Monday, March 01, 2010

Recipe: Chestnut Honey Madeleines

Delicious Chestnut Honey Madeleines....
Oh, if only it were so easy to get this result, but then they wouldn't taste so sweet!

It all started when Dad dropped off a care package including asparagus, chard and a cut out newspaper clipping, last week. The newspaper clipping was from the NY Times, February 1999, over 10 years old!
The article was about a new bakery in Brooklyn called Sweet Melissa Patisserie. The owner and chef created a favorite recipe for madeleines that uses a very special and rare chestnut honey and hazelnut flour. Fast forward to 2010 - chestnut flour is still rare!
The article didn't give a recipe, but I was dying to try it! The article stated that unlike traditional madeleines, "not all madeleines need to be subtle, spongy and slightly dry begging for a cup of steaming tea".

So, I searched for a recipe online. To my surprise and delight, I found out the Sweet Melissa has written a cookbook and she included her recipe for chestnut honey madeleines! Jackpot!
Well, not exactly "jackpot"... the recipe called for chestnut honey imported from Italy and hazelnut flour.
So, I went on a quest to find these ingredients. It took me 2 states and all morning, but I found them!
This chestnut honey is imported from Italy. Unlike infused honey (honey where a spice or fragrance is soaked in the honey) true chestnut honey is not made from chestnuts. In fact, chestnut honey is made by bees that pollinate the chestnut trees in various regions in Italy. Then, they go to their hives and carry on the chestnut blossom pollen. This flavors the honey. In fact, it REALLY flavors the honey. I found this jar of honey at the Hanover COOP and it cost me $12 for the jar of 14 oz. I expected it to be sweet and luscious. In fact it is bitter! Other suggested uses for it are drizzled on cheese and crusty bread.
The second ingredient is less rare, but still hard to find. Hazelnut flour. Now, it can be made by grinding hazelnuts, but it can be tricky to do. If you grind them too much, they turn to paste. If they heat up while you are grinding them, they turn to paste. I was relieved to find this 8 oz bag of hazelnut flour at King Arthur Flour in Norwich, VT for $7.95.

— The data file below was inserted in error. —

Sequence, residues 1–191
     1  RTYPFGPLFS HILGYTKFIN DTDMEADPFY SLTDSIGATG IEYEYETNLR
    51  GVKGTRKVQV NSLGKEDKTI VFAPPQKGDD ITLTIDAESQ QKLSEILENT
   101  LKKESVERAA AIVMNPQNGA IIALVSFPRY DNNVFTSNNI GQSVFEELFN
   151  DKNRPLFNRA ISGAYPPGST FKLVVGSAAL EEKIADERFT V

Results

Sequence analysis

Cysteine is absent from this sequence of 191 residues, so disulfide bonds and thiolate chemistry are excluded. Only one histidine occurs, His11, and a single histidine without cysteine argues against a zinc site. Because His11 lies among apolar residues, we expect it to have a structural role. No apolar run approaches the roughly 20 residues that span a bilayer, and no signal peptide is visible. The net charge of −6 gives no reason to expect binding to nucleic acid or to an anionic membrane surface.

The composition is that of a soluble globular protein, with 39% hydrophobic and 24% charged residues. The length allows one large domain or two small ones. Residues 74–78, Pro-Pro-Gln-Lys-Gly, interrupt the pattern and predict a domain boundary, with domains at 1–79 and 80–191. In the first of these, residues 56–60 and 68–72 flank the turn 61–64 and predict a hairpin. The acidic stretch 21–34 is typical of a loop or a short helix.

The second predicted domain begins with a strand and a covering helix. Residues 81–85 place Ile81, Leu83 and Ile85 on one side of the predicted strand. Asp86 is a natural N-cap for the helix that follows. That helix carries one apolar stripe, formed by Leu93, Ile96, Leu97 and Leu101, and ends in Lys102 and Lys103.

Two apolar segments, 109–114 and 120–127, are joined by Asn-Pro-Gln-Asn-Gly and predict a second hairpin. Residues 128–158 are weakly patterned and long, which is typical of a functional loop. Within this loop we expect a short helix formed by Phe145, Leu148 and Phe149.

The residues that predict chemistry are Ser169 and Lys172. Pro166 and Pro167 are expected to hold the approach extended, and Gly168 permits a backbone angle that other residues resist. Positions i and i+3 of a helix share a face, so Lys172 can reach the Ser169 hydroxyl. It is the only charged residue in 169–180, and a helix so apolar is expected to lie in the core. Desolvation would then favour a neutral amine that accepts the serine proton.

I headed home with my purchases, thrilled to start baking.

Here are the ingredients:
1/2 cup hazelnut flour
1 2/3 cup powdered sugar
1/2 cup + 1 T all purpose flour
13 T unsalted butter
6 egg whites
1 T chestnut honey - (other honey can be substituted)

Additional butter for greasing the madeleine molds.

Immediately melt the butter and let the solids brown slightly. Immediately remove from heat and remove from pan to let it cool, somewhat, still liquid. The recipe calls for straining it. I did, but the mesh strainer didn't catch anything. (Maybe, I was supposed to strain it through cheesecloth?)
Whisk the powdered sugar, hazelnut flour and flour until combined.

Whip the egg whites until foamy - not stiff.
Combine the flour mixture with the eggs. Drizzle in the melted butter and honey. Mix well.

The batter is NOT a cookie dough, it is more of a cake batter. Chill in fridge.
Grease the madeleine molds with additional butter. (I melted additional butter and painted it into the mold.) The recipe calls for greasing and flouring the molds. I just greased the silicon molds, I didn't add flour. If I used metal molds, I would definitely grease & flour them.
Spoon the batter into the pans about 7/8 full. The madeleines puff a bit, that is why I leave room.
Bake at 375 for 15 minutes for large madeleines, 10 minutes for tiny madeleines.
Remove from oven. Let cool in pan for 1 minute.
Flip over pan and if you are lucky, some will pop out. If they do not pop out, use a toothpick to pry them up.
Here are the cooked madeleines. Even though I used a silicon mold, they still became a little golden, which I prefer.
Sprinkle with additional powdered sugar.
Here is the little "to go" box I packed for Dad. After all, he inspired me to try these!

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